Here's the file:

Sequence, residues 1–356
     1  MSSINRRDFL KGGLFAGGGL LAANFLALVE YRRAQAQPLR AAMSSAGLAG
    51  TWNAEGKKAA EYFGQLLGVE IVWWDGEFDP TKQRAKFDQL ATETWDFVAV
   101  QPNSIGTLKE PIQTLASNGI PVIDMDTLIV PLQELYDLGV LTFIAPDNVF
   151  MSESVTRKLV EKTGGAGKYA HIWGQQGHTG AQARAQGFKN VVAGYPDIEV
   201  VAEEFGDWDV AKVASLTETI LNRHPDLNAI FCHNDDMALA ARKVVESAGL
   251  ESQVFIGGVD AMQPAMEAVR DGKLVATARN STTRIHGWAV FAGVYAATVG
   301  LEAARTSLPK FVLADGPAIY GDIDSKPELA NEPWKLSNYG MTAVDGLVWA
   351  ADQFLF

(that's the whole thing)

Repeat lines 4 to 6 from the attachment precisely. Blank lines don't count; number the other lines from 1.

   101  QPNSIGTLKE PIQTLASNGI PVIDMDTLIV PLQELYDLGV LTFIAPDNVF
   151  MSESVTRKLV EKTGGAGKYA HIWGQQGHTG AQARAQGFKN VVAGYPDIEV
   201  VAEEFGDWDV AKVASLTETI LNRHPDLNAI FCHNDDMALA ARKVVESAGL